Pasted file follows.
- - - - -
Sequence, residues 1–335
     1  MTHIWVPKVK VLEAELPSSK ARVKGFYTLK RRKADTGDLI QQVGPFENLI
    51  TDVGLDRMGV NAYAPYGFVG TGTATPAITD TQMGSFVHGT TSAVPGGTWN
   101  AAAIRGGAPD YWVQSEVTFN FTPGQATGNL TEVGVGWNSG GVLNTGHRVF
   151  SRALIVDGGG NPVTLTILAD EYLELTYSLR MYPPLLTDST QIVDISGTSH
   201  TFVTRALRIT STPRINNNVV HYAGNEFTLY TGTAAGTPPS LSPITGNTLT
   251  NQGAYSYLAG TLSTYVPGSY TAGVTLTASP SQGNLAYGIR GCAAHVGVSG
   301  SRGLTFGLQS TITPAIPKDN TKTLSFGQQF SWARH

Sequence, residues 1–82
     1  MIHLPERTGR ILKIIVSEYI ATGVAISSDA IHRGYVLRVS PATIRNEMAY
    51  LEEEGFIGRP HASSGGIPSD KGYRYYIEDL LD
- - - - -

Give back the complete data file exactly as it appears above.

Sequence, residues 1–335
     1  MTHIWVPKVK VLEAELPSSK ARVKGFYTLK RRKADTGDLI QQVGPFENLI
    51  TDVGLDRMGV NAYAPYGFVG TGTATPAITD TQMGSFVHGT TSAVPGGTWN
   101  AAAIRGGAPD YWVQSEVTFN FTPGQATGNL TEVGVGWNSG GVLNTGHRVF
   151  SRALIVDGGG NPVTLTILAD EYLELTYSLR MYPPLLTDST QIVDISGTSH
   201  TFVTRALRIT STPRINNNVV HYAGNEFTLY TGTAAGTPPS LSPITGNTLT
   251  NQGAYSYLAG TLSTYVPGSY TAGVTLTASP SQGNLAYGIR GCAAHVGVSG
   301  SRGLTFGLQS TITPAIPKDN TKTLSFGQQF SWARH

Sequence, residues 1–82
     1  MIHLPERTGR ILKIIVSEYI ATGVAISSDA IHRGYVLRVS PATIRNEMAY
    51  LEEEGFIGRP HASSGGIPSD KGYRYYIEDL LD